By Janelle Orlando. Wine Cellar Types. Published at Thursday, May 31st, 2018 - 02:49:55 AM.
A growing trend in cellar design is for compact and hidden away cellars, such as spiral wine cellars. These are concrete, cylindrical systems that are completely watertight to keep your treasured collection safe and can store more than 1,800 bottles! Not only are spiral cellars a fantastic space-saving solution, but with a sleek trap door design, they also look ultra-high-tech. It’s not every day that a trap door in the home leads to an impressive and beautifully arranged wine collection! Since not all wine bottles are made equal, it’s also wise to consider a versatile wine rack system in your cellar design, allowing you to house bottles of all shapes and sizes. Horizontal covers are a good alternative to standard rack designs, since these can hold varied sizes of bottles securely with the labels on display.
Sub Floor Wine Cellar: The major (very major) disadvantage of below ground cellars is water, water leaking into the cellar. If you are on high ground, it is less of a problem, but not eliminated entirely. The best advice is three words: waterproof, waterproof and waterproof. And do not believe your architect or contractor when they tell you that the waterproofing they have provided is the industrial standard. Do like the airlines. Operate on a 200 percent safety factor. For below ground cellars, a dumb waiter (50 kg load sufficient) may be a luxury but is an enormous help. Carrying a heavy case of wine up the stairs is not easy.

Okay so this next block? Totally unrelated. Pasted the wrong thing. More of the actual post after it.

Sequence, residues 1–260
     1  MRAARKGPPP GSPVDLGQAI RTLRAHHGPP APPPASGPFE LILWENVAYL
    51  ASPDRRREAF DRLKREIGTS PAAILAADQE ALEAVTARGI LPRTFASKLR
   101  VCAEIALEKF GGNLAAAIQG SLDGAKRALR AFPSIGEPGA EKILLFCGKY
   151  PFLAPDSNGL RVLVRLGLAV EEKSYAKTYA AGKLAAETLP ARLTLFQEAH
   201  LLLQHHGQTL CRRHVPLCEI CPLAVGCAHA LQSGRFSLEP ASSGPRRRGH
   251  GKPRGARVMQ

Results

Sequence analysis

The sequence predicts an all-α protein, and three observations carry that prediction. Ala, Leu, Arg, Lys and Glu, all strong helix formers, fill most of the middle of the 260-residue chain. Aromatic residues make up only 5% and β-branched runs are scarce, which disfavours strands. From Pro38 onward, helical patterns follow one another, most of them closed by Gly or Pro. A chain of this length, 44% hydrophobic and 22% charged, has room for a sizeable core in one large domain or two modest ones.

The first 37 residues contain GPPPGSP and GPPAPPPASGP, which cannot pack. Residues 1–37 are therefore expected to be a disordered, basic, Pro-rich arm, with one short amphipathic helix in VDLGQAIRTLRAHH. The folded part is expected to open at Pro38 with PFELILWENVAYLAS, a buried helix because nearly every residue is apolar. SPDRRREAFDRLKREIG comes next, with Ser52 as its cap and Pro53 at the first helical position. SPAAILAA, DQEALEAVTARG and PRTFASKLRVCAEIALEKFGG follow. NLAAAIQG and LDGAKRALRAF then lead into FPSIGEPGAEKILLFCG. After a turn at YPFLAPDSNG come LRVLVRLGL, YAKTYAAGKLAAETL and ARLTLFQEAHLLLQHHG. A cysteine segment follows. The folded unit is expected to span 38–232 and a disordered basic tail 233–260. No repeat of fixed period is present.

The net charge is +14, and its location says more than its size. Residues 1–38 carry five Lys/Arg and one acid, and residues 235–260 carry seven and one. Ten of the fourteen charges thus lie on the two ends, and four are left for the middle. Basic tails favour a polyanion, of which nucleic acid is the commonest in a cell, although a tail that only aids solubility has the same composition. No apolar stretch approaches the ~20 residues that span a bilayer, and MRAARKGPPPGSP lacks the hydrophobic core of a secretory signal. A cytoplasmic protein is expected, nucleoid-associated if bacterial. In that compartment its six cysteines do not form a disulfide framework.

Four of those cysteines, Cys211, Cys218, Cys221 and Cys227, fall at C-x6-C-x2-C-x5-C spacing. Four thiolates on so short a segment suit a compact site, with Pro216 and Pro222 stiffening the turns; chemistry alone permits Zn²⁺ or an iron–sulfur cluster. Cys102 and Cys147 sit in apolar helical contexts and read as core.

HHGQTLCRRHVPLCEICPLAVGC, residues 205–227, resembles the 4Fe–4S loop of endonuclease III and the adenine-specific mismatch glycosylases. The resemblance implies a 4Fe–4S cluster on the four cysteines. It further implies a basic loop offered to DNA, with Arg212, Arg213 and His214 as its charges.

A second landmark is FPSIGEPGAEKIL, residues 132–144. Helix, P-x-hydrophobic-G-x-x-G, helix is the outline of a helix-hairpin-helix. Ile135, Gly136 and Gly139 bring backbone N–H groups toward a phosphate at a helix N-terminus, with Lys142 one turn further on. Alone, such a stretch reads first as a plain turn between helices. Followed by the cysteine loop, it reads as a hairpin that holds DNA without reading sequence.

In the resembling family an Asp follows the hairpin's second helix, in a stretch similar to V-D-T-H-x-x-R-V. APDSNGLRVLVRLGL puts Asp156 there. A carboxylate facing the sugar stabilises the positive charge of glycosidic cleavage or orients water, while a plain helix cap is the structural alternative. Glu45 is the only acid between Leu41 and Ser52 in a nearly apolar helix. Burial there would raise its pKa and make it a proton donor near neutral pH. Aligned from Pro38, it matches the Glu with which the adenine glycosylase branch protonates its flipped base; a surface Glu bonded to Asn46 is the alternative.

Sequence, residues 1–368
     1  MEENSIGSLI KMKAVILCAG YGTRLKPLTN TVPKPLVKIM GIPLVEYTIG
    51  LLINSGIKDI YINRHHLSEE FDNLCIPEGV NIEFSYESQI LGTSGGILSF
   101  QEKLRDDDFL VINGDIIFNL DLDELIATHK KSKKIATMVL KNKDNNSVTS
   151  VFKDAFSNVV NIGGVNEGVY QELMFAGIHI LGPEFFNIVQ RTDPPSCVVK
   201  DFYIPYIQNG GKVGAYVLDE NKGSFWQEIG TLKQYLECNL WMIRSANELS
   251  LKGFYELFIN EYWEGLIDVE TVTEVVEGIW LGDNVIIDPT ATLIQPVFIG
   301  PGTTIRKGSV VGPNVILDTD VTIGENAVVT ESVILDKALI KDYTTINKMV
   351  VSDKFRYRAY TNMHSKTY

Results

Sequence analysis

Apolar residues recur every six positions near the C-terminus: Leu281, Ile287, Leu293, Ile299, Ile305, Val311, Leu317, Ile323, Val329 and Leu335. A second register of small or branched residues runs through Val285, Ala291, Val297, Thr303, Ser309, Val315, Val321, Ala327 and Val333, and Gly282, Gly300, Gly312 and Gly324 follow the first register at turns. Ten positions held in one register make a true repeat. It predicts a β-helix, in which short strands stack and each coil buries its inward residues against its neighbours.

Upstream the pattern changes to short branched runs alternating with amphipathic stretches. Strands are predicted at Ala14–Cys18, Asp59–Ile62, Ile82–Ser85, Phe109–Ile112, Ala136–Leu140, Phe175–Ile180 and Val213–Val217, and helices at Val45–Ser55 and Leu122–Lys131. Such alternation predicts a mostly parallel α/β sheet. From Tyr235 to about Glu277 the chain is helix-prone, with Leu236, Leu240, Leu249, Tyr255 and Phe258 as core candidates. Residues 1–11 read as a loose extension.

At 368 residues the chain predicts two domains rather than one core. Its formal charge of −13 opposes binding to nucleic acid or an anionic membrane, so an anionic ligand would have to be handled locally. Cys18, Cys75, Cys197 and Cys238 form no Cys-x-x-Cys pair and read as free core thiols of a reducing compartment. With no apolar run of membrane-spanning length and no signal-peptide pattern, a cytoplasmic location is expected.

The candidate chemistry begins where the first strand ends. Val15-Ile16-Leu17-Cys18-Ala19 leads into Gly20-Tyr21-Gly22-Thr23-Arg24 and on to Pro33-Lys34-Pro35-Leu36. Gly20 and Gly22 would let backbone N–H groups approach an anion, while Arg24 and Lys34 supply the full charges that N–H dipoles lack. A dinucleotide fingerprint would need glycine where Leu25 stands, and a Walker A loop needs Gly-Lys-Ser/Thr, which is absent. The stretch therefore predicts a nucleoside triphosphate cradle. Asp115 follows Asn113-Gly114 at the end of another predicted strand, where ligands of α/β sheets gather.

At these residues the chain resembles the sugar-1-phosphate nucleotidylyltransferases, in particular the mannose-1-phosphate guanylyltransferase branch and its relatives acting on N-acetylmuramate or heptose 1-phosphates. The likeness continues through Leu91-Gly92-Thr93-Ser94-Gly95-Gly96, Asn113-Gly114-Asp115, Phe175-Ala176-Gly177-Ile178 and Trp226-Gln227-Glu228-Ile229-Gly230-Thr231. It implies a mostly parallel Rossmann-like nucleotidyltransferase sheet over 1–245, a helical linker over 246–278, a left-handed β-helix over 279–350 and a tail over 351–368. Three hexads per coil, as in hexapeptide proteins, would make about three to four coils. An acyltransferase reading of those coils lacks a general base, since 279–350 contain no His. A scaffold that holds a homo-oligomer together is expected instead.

Ridged Foam and Fiberglass insulation are normally used in cellar construction. It is very important that all walls and ceilings be insulated. This will ensure that the temperature will remain constant and not be affected by the outside elements. If the floor is concrete apply a sealer before applying the finish flooring. This will prevent any moisture from transmitting from the ground. This moisture will rot wood and keep mastic, used to apply tile and linoleum, from setting properly.
Wine refrigerators can either be stand-alone or built-in, each offering their own perks. Stand-alone wine refrigerators allow you to place them almost anywhere in your house, and you can move them around whenever and wherever you want. A stand-alone unit can also help you avoid costly and time-consuming kitchen renovations. However, many people prefer the luxury of a built-in feature, which can save room and offer a sleek look to your kitchen.
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